What Is Postnasal Drip?

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You know it (and can feel it) when you have it: Postnasal drip is when mucus from a runny nose drains down the back of your throat. It's also sometimes called upper airway cough syndrome.

It can itch, tickle, make you cough, and cloud your voice. But until it goes away, postnasal drip can be as annoying as the steady drip of a kitchen sink.

Allergies and infections can cause your body to produce more mucus, which can lead to postnasal drip. It's normal to have a layer of mucus in the back of your throat; it helps protect you from illness and provides lubrication.

But when you feel like you're swallowing or coughing up a large amount of mucus (be it thin or thick), it can become bothersome. Fortunately, many home remedies and medications can help clear it up.

This article explains the symptoms and causes of postnasal drip as well as how it's diagnosed and treated.

Symptoms of Postnasal Drip
Verywell / Cindy Chung

Postnasal Drip Symptoms

Postnasal drip generally lasts for a few days or weeks, depending on the cause. Sometimes, it can be chronic; you may experience it for months on end. The effects are generally mild, and you can have a combination of symptoms:

These symptoms can fluctuate throughout the day. And you may feel worse after lying down for a while or after speaking for a long time.

Typically, postnasal drip is not dangerous. However, some activities—like skiing or scuba diving, which requires wearing a mask—can be uncomfortable or can make it feel like you can't breathe.

When To Seek Medical Care

Post-nasal drip rarely requires medical attention. And it often goes away on its own.

However, you should see a healthcare provider if:

  • Your symptoms last longer than a few weeks.
  • You have difficulty swallowing.
  • You feel like you're choking.
  • You have trouble breathing.
  • You have a fever, vomiting, or ear pain, which are signs of an infection that requires medical treatment.

Causes

There are a number of different causes of postnasal drip. Some are long-lasting (chronic), others short-term, and some occur in response to specific triggers.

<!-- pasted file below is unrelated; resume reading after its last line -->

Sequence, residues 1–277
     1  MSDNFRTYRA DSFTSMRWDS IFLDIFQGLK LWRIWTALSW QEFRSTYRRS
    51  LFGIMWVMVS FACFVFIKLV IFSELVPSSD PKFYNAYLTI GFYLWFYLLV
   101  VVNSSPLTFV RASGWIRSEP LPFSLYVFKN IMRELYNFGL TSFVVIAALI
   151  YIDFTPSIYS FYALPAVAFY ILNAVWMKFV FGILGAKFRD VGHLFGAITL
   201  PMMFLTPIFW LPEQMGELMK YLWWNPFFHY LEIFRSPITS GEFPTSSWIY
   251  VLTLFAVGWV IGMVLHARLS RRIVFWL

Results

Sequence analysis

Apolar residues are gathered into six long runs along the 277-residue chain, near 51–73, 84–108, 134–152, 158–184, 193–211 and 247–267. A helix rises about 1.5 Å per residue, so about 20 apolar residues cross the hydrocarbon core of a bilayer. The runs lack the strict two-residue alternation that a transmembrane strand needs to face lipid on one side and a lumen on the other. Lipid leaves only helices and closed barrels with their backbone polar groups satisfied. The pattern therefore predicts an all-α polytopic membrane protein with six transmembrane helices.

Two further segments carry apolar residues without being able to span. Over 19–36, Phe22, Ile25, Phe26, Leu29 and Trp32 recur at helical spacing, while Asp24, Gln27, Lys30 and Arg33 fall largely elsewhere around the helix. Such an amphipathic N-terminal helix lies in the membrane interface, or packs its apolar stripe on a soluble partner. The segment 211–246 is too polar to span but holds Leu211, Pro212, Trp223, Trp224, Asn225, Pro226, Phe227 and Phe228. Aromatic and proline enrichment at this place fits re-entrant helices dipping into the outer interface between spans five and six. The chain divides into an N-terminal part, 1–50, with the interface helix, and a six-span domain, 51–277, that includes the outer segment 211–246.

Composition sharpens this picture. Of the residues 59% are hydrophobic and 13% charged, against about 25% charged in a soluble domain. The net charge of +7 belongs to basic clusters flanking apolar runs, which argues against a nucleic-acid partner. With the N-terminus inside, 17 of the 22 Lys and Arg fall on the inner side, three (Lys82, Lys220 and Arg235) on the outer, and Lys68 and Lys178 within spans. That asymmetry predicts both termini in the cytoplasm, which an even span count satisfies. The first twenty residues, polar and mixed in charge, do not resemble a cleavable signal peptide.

In some instances, your body simply produces more mucus than it needs. Or your body might not clear out the mucus as quickly as usual, which causes it to build up.

Common causes of postnasal drip include:

Chronic Conditions

Temporary Conditions

Reactions to Sudden Triggers

Diagnosis

Postnasal drip is generally diagnosed based on your symptoms. A healthcare provider will likely consider the entire picture before making the next move, which might include:

Physical Examination

If you have a fever, your postnasal drip may be caused by an infection. Your provider will look in the back of your throat to see if there is any redness or swelling and ask about other signs of infection (such as headaches, fever, chills, and muscle aches).

If your phlegm is tinged with blood, it could be a sign of a gastrointestinal or pulmonary (lung) infection. This type of condition will require further evaluation.

Allergy Testing

If your postnasal drip symptoms recur every few days or weeks and resolve between episodes, then it could be related to an allergic reaction or sensitivity, such as to food.

Your provider may encourage you to keep a diary of your symptoms, noting what you ate and what you may have been exposed to (such as pollen or pets). Allergy testing may help pinpoint the trigger.

Imaging

If you have postnasal drip frequently, or always, it could be traced to an anatomical cause, such as a deviated septum.

You will need a physical examination and imaging tests to look for any variations that could be causing your symptoms.

Interventional Tests

Interventional tests may be necessary if GERD is a suspected cause.